Holiday Prep: Check That Spice Drawer

by | Oct 16, 2019 | Baking, Christmas, Cooking, Fall, Holiday, Spices | 2 comments

In the next two months, most of you will be hosting – or attending – gatherings of family and friends. Nearly every one of these events will involve food, some of it made by you. Now I know absolutely you want to bring something that will be flavorful. Of course this assumes that the herbs and spices you’re using will do the job.

When you make your famous broccoli-cheese casserole, make sure the seasoning is top notch. Don’t use old herbs or no one will eat it – except for the family dog, perhaps.

Just how old is that oregano you have tucked away on the kitchen shelf? Those decorative spice jars over the stove may look great, but do their contents taste great? All too often we buy spice jars, put them on the shelf and just assume they will do the job when the time comes. But like all foods, they break down and stop tasting good  when they are beyond their “Use By” date. Time for you to employ the Herb ‘n Cowgirl’s famous look-sniff-taste test to determine what to keep and what to toss out.

Look — Is the spice faded? Do the jar contents cake together when you shake the jar? Are there suspicious signs of insects (it happens, trust me)?

Sniff – Now open the jar. Can you smell the herb or spice? If there is no aroma, it’s probably missing the essential oils that provide scent and flavor. Time to get a fresh jar.

Taste – Take a small amount and taste it. If the distinctive flavor is still there, keep it. But if it tastes no better than dried grass, it won’t do anything for your foods.

Before you start your fall baking make sure the herbs and spices on your shelf are still flavorful by using my look-sniff-taste test. Don’t waste your time – and your ingredients – with less than flavorful spices.

Herbs and spices that fail this test are not worth keeping. Be ruthless. Throw them out and buy more. But how old is too old? According to the McCormick Spice Company, the average shelf life is:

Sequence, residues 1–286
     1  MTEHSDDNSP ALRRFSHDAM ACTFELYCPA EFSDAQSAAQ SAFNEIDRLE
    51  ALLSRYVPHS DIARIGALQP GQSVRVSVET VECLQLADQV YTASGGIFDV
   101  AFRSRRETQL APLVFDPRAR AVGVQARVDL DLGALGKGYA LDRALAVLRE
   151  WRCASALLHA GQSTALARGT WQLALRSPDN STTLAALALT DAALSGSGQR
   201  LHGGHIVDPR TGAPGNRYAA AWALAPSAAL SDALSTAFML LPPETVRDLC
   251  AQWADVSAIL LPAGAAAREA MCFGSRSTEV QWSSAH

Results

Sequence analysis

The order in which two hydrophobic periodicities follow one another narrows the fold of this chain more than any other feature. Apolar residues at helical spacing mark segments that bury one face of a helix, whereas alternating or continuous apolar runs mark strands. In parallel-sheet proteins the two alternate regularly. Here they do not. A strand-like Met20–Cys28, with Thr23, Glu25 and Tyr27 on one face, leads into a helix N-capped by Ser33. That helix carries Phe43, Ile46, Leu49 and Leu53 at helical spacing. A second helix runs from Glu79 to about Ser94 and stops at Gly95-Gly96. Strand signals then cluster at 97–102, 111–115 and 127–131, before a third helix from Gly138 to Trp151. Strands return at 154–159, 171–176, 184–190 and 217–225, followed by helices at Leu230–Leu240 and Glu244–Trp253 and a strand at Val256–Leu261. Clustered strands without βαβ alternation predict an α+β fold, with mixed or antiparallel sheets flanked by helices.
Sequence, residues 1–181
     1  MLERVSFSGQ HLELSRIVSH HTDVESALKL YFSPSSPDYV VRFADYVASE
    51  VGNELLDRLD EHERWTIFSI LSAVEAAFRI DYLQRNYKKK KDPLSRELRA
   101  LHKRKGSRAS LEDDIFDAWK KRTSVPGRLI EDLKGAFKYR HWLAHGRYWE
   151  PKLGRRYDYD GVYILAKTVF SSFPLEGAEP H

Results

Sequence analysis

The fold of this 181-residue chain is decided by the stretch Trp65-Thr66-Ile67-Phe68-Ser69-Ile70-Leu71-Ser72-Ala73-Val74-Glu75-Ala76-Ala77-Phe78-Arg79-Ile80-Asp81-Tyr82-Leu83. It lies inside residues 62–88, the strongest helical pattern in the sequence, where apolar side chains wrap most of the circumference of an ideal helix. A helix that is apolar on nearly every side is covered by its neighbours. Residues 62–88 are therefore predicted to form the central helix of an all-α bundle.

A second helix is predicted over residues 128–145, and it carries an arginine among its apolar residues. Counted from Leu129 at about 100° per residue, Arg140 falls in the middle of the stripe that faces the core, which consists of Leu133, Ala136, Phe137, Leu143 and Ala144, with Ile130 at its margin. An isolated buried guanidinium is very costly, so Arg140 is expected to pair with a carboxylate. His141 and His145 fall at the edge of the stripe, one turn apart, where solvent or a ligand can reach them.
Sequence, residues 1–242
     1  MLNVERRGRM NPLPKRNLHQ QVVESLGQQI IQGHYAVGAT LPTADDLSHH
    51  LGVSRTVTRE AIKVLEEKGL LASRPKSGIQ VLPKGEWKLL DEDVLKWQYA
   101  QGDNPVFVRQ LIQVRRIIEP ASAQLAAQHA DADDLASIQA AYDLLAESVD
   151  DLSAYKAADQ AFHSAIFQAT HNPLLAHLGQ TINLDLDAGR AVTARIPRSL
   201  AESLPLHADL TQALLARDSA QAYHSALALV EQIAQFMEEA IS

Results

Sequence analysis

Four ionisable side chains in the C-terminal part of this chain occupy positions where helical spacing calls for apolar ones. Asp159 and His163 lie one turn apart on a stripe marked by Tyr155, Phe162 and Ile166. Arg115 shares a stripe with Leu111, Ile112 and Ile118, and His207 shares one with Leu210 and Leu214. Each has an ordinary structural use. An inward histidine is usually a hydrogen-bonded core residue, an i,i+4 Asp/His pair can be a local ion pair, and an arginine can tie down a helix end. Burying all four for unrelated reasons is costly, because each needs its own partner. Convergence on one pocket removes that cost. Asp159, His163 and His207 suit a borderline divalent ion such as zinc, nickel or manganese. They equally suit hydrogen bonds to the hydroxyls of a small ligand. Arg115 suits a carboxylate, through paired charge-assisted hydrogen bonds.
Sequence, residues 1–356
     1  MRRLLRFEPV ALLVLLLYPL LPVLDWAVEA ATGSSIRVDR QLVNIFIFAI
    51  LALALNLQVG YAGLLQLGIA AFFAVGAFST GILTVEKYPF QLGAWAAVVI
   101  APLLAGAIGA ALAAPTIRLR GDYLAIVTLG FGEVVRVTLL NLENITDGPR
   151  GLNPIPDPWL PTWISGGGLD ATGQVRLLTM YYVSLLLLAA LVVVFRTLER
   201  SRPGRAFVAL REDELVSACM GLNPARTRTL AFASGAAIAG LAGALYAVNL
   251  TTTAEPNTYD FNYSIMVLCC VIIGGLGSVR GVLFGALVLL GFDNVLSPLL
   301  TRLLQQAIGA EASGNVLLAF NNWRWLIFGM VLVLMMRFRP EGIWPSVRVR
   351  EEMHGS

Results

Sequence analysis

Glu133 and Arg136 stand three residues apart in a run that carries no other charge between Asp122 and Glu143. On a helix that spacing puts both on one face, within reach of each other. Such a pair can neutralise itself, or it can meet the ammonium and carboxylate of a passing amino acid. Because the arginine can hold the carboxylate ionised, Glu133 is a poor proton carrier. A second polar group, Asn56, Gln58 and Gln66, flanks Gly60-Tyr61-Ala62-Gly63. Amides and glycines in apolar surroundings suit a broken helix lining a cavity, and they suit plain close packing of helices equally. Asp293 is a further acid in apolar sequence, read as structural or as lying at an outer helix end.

• Ground herbs and spices: 1-3 years
  • Whole herbs and spices: 4 years
  • Whole seeds:   3-4 years
  • Liquid extracts: 4 years
  • Seasoning blends: 1-2 years

These guidelines are for spices stored under perfect conditions, away from heat and light and in an airtight container. Spices that are too old or have not been stored properly won’t do their job. Buy replacements now to help you make tasty foods for the holidays.

2 Comments

  1. Diane S Clark

    I recently made a move. At that time, I decided to toss 90% of my herbs and spices and start over. Thankful that I did!

    Reply
    • Ann

      Good for you, Diane. Now you will have a new home with better food flavoring.

      Reply

Submit a Comment

Your email address will not be published. Required fields are marked *

Top 10 Posts

New Ideas For Your 2022 Garden

New Ideas For Your 2022 Garden

Happy New Year! Wherever you are, whatever your circumstances, may the coming year bring you many joyful moments. Of course I hope some of those happy times take place in and around gardens. To help you make this come true I've collected a few ideas to get you...